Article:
Foods you thought were good for your kids, but aren’t

Say no to Instant oatmeal

What food kids need to eat to stay in top form, healthy, strong and smart, at the same time easy to make to match up with current fast paced lifestyle?.

A question very often parents ask other parents and search over and over again on internet. Even then most parents end up feeding their children unhealthy food unknowingly.

Parents, many a times get carried away by clever advertising terms like “Reduced fat” “Enriched” flour, “Multigrain”, Whole Fruit” and many more. Sure, those sound healthy, but the poor nutrient quality of these foods has been smartly obscured. These foods in reality could be doing far more harm to child’s  health than good.

Find out which popular “healthy” foods are actually unhealthy

1. Say no to Instant oatmeal

Oatmeal for sure is a great food for kids. They are packed with fibers and nutrients.  Nutrient-rich oatmeal contains thiamin, magnesium, phosphorus, zinc, manganese, selenium, and iron.  But quick-cooking oats or instant oats are not that good for health.  Instant oats are basically powdered oats and take less than 5 minutes to cook. Although they are easy to cook, most brands of instant oatmeal have added salt and sugar. Also a 250 g serving of instant oatmeal lead to a GI of 83, whereas coarse one can be as low as 55. The process of grinding oats removes some of their fiber content, which accelerates digestion and raises the instant oats GI.

What you can do:

  • Look for instant oats that can give 3 grams of fiber per serving
  • Stay away from instant oats with chemical ingredients and additives
  • Opt for instant oats with low sugar

2.Granola bars: Could be dressed up junk food

Granola bars: Could be dressed up junk food

The word granola may invoke thoughts of healthy oats, grains, and nuts all nicely mixed up into an easy to eat bar. Many parents proudly give this energy packed bars as evening snacks.  But parents beware- what lies behind the wrappers of these seemingly innocent bars may be an over-processed nutritional mess.

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Raising Healthy Children

The best time to start good dietary habits is during the early years

Complete food, Best growth formulation, Power food, The best health drink – these are tag lines used by various health drink or growth supplement brands. But in reality, there is nothing called complete food. Children need dozens of nutrients every day to maintain growth and development. Offering children the right balance of nutrients –carbohydrates, protein, fat, vitamins and minerals – that can maximize their growth potential and brain development, has become a great challenge for parents. Especially in an age where there are more junk or processed foods than healthier or homemade foods. House becomes a battle ground as children are all in favor of processed foods.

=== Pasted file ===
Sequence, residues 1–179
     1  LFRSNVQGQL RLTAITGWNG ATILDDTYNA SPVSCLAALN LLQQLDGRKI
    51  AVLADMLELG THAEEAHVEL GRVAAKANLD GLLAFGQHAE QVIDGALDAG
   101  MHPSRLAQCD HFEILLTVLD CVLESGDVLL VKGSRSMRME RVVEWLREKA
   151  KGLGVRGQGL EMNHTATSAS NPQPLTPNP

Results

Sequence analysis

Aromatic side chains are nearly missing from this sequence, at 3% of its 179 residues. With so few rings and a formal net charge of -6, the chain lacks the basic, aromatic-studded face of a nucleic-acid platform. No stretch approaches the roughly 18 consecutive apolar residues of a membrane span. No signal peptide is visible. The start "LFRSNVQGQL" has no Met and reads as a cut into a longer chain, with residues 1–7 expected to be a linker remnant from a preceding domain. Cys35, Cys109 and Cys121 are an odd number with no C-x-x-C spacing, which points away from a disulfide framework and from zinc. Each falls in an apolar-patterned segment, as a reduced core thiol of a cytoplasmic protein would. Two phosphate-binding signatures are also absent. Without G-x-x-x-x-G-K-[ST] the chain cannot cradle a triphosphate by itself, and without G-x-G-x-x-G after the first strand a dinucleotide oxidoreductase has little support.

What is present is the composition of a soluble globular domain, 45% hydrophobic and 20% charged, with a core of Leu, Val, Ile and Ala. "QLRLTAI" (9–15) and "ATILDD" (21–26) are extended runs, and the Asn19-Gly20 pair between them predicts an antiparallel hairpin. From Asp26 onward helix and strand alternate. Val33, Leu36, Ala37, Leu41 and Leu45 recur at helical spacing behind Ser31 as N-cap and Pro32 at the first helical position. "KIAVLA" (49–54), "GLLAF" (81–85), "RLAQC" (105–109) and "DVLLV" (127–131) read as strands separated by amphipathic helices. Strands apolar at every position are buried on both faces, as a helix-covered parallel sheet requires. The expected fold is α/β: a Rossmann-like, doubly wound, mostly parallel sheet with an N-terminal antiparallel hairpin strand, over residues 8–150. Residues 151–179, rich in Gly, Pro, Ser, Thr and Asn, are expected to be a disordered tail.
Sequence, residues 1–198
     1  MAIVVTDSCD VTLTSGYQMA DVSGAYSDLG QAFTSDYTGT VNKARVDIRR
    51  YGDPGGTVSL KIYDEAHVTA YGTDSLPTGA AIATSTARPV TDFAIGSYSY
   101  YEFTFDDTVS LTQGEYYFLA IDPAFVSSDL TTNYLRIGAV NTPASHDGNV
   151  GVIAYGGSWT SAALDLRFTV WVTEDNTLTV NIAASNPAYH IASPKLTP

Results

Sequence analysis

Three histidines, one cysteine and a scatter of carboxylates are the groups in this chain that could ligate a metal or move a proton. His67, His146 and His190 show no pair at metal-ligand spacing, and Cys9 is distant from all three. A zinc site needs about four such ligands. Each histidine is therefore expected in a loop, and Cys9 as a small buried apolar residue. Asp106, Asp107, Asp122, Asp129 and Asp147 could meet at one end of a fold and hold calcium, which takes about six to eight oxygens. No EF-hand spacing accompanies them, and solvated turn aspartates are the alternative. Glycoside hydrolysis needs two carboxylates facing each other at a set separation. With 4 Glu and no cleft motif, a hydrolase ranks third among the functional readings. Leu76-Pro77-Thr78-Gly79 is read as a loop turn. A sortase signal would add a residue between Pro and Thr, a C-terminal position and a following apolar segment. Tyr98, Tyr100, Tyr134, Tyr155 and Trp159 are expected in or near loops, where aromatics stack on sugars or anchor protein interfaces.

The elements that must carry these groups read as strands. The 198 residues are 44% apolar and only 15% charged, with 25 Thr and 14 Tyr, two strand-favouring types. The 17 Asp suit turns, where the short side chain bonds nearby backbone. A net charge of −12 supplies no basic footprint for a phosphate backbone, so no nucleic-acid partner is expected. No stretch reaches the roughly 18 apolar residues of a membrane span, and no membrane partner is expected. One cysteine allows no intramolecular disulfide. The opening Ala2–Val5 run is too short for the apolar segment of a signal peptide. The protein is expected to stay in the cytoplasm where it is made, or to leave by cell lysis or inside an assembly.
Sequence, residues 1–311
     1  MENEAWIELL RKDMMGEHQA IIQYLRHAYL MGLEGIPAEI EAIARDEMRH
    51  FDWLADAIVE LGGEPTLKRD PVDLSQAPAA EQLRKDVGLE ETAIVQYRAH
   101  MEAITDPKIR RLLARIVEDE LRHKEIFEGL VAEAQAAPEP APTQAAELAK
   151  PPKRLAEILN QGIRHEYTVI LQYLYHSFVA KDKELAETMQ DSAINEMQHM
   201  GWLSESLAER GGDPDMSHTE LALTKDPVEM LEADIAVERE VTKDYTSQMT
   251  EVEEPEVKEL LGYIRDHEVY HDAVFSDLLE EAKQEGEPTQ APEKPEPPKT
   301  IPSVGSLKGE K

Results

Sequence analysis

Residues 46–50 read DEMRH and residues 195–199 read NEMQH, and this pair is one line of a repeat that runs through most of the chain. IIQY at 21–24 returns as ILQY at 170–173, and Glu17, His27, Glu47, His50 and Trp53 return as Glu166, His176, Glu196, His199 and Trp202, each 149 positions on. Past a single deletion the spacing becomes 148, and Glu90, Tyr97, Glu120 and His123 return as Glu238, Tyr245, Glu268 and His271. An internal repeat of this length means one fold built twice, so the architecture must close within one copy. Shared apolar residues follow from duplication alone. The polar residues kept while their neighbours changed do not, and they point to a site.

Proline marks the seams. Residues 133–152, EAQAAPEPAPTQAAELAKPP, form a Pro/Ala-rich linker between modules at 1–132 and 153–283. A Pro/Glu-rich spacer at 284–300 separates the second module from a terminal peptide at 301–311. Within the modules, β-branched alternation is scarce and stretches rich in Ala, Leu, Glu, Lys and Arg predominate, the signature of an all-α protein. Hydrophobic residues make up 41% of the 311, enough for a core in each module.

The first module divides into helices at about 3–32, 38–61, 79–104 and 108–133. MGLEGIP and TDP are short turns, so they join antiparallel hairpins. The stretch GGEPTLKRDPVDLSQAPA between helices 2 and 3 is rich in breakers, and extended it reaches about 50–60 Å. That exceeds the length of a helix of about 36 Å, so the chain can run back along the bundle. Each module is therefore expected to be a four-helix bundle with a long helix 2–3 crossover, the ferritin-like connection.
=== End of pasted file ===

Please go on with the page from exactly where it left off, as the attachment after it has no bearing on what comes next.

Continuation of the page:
Start eating healthy at early years
The best time to start good dietary habits is during the early years. Researchers suggest that the best way to get children to achieve balance in their diet is to teach them very young and lead by example. This is very essential as nutrition in early life play a crucial role in deciding how health will turn out in later life. Diet, exercise and other aspects of children’s daily interaction with the environment have the potential to alter brain health, mental function and physical performance.
Rather than blindly following ‘balanced diet chart’, ‘best brain food’, ‘top food for growth’, it’s essential to understand where the bond with food begins and how food, nutrients and human body interact. A deeper understanding about food and human body would help parent to dish out right amount of nutrients for their children.

Food preference first develops in the womb

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Science of Samosa

“Samosa” is from the Sanskrit word meaning “the solution (to your hunger) is contained within”, so named because all the needed vegetables and spices are contained inside the samosa.

The Indian samosa is one among the family of stuffed pastries or dumplings popular from Egypt and Zanzibar to Central Asia and West China. Arab cookery books of the 10th and 13th Centuries refer to the pastries as sanbusakc , sanbusaq or sanbusaj. From Egypt to Libya and from Central Asia to India, the stuffed triangle with different names has garnered immense popularity. Originally named samsa, after the pyramids in Central Asia.

 

Biggest secret to popularity and survival over the centuries is its different varieties of fillings catering to carious tastes across the globe. In Kazakhstan, for example, a somsa is typically baked and has a thicker, crumblier crust. Fillings generally range from minced lamb and onions, meat, and even pumpkin. The Hyderabadi luqmi, on the other hand, is strictly meat-filled and far crustier than the regular samosa consumed elsewhere in India and Pakistan. In our globalized world, the growing popularity of fusion food has witnessed the advent of the pizza samosa, chowmien samosa and the macaroni samosa. Dessert varieties inspired by western cuisine include the apple pie samosa, and the chocolate samosa.

Pizza samosa
image: http://freshdepo.in

“Samosa” is from the Sanskrit word meaning “the solution (to your hunger) is contained within”, so named because all the needed vegetables and spices are contained inside the samosa. 

 

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